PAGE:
CSE 326: Data Structures
Practice Problems/Suggestions for Midterm
April 21, 1999

(Note that the some web browsers do not display mathematical equations correctly. If you have problems, you should consult the postscript version of these problems)

• Material to be covered: everything through Friday, May 7. Weiss, Chapters 2- 5, plus handout on splay trees.
• The exam will be closed books, closed notes, no calculators.
• Be sure you know:

• how to analyze the running times of simple programs, notions of worst-case and average-case complexity
• how to compare functions by Big Oh, Big Omega and Big Theta.
• tree traversals (preorder, inorder, postorder)
• how the basic dictionary operations are implemented, what their worst-case (and when appropriate, average case) running times are and what the tradeoffs are using

• unsorted and sorted lists
• binary search trees (without balancing)
• AVL trees
• splay trees
• B-trees
• hashing (with separate chaining or the various open addressing)

Practice Problems on Recent Material (not to be turned in):

1. Weiss, p. 175, problem 4.42
2. Weiss, p. 204, problem 5.1.
3. Suppose we use a random hash function h to hash n distinct keys into an array T of length m. What is the expected number of collisions? More precisely, what is the expected cardinality of {(x,y) | x ¹ y and h(x) = h(y)}? What is the worst-case number of collisions?
4. What is the advantage of picking a hash function from a universal class of hash functions over using a fixed hash function?
5. Consider a separate chaining hashing scheme that starts out with a table of size 100, rehashes the elements into a table twice the current size whenever the load exceeds threshold lhi, and rehashes the elements into a table half the current size, whenever the load drops below llo (and the table size is above 100). Assuming that the hash function being used distributes keys at random throughout the table, give values of lhi and llo that guarantee that the total expected cost to perform M operations (insert, delete, lookup, rehash) is O(M). Explain your answer.
6. Weiss, p. 205, problem 5.8.
7. When you buy a ticket in the State Lottery, you choose six different numbers between 1 and 36. The lottery officials keep a dictionary keyed on the set of six numbers chosen on each ticket. After the officials pick the winning numbers, they access this dictionary to identify the winning ticket or tickets, if any. Since millions of tickets are sold, the officials have decided to keep the dictionary in external storage with a directory in an internal hash table. Their computer consultant, S.L. Ow, has recommended that they use the hash function
 h(x1, x2, x3, x4, x5, x6) = (x1+ x2+ x3+ x4+ x5+ x6) mod m
where m is the number of external buckets in which the records will be stored. Give a critique of this recommendation, and suggest a better alternative.

A Midterm From a Previous Quarter

1. (4 points) Suppose you want to implement a Stack. State a reason that could cause you to choose the dynamic (``Linked'') implementation rather than the static (``Contiguous'', or array) implementation.
2. (5 points) Show the result of deleting the key 34 from the following binary search tree. (Use ordinary binary search tree deletion exactly as presented in lecture, not AVL or splay tree deletion.)
```        12
/  \
7   34
/  \
31  61
/   /  \
18  48  80
/  \  \
15  20  52
/  \
49  56

```

3. (9 points) Consider the following AVL tree T.
```        50
/  \
20    74
/  \    \
12    31   91
/     /  \
5    23    33
```

1. In the figure above, label each node in T with its balance.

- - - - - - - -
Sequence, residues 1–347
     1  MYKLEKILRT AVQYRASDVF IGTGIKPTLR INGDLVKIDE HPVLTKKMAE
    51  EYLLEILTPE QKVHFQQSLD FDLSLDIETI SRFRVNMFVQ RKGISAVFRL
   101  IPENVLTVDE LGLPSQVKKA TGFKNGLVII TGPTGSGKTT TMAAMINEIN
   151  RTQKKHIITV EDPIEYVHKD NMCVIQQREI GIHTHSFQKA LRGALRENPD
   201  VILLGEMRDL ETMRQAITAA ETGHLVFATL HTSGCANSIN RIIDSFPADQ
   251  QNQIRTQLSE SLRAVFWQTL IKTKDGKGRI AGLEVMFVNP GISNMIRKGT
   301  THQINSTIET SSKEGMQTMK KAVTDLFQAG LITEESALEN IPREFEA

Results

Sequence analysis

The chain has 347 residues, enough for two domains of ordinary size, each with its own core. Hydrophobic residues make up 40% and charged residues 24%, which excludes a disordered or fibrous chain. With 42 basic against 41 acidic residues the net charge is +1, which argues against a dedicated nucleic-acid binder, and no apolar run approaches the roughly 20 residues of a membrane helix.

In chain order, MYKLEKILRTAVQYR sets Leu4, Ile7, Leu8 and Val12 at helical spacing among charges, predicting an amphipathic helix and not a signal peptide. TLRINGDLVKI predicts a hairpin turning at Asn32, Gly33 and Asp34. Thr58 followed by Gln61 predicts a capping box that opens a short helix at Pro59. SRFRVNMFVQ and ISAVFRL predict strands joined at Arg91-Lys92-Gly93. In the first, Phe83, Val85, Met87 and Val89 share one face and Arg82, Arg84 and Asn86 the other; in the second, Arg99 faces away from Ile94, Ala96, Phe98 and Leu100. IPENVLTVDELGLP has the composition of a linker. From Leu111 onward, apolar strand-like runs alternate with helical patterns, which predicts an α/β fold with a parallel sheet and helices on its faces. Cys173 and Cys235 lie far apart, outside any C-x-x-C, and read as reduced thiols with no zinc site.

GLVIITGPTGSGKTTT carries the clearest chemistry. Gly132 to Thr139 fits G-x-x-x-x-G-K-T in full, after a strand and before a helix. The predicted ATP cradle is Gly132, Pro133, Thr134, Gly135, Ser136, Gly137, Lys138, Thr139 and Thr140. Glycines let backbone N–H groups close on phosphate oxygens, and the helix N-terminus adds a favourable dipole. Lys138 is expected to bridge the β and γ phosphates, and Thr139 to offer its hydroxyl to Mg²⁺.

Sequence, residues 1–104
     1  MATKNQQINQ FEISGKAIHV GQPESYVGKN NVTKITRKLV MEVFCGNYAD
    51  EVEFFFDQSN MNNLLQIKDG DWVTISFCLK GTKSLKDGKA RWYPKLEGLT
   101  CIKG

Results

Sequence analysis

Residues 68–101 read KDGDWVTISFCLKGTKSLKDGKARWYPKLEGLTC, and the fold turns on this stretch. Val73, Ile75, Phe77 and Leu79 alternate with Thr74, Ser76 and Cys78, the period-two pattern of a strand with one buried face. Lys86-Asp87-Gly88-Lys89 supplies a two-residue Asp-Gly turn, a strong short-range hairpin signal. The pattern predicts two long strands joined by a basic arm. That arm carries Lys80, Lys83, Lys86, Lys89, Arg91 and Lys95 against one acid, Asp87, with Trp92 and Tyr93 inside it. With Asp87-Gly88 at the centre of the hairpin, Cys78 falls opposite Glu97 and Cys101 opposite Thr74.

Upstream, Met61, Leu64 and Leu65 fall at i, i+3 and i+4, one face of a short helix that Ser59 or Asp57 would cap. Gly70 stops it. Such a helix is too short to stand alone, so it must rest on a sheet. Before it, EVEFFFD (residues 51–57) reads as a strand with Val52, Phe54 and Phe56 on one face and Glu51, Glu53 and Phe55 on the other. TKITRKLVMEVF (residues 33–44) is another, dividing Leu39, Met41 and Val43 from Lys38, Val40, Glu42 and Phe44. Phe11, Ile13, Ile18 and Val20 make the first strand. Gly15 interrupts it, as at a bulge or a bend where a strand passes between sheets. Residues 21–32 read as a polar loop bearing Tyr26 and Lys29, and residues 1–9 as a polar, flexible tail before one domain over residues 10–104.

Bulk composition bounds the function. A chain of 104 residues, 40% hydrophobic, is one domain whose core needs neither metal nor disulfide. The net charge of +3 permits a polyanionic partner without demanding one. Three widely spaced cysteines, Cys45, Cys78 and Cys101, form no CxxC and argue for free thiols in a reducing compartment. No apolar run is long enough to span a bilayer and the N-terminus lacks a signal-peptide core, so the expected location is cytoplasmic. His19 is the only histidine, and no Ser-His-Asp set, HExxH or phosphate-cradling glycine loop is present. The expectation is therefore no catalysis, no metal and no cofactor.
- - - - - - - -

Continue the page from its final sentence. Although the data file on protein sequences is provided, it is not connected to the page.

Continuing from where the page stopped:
2. Show the result of inserting the key 46 into the AVL tree T. (I recommend that you show your intermediate work, for the possibility of partial credit in case you make a mistake.)

4. (5 points) During AVL insertion, we argued that no ancestor of the critical node ever changes balance or height. Given this fact, explain the exact circumstances under which the overall height of the AVL tree can ever increase.

5. (16 points) Consider the following splay tree T.
```          6
/ \
5   13
/   /
4   11
/   /  \
3   9   12
/   / \
2   7  10
/     \
1       8
```

1. Show the results of each of the rotations to splay the key 9 to the root. (I recommend that you show your intermediate work, for the possibility of partial credit in case you make a mistake.)
2. In part (a), let T1 be your splay tree after the first Case I, II, or III rotation, and T2 be your splay tree after the second. Go back and label the nodes of the 3 trees T, T1, and T2 with their ranks.
3. Suppose the Money Invariant holds for T, and suppose you were only paid \$2 to splay the key 9 in T. According to the proof of the Cost of Splay Steps Lemma, for which of your two rotations (T to T1, or T1 to T2) would you have to take \$1 from the tree, and from which node would the \$1 come?
4. Exactly how would the \$2 you are paid for the splay in part (c) be used?

6. (5 points) In class, a student asked why we bother to splay during a LookUp: once you've located the key in the splay tree, you know the value LookUp will return without having to splay. One reason to splay during LookUp is to achieve the self-organizing behavior (locality of reference), but there is a much more important reason. Explain what it is, and support your answer with a concrete example.

7. (6 points) In the handout on splay trees, it was proven that you can delete key K from a splay tree if you are paid 7ëlognû+ 2 dollars (in addition to the dollars that the Money Invariant states are already in the tree). Recall that the breakdown for this figure was 3ëlognû+ 1 dollars to splay on K, another 3ëlognû+ 1 dollars to splay the left subtree on +¥, and ëlognû extra dollars to invest in the new root because it takes on new descendents. Explain why 6ëlognû+ 2 dollars is in fact sufficient for a Delete.

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On 11 May 1999, 04:46.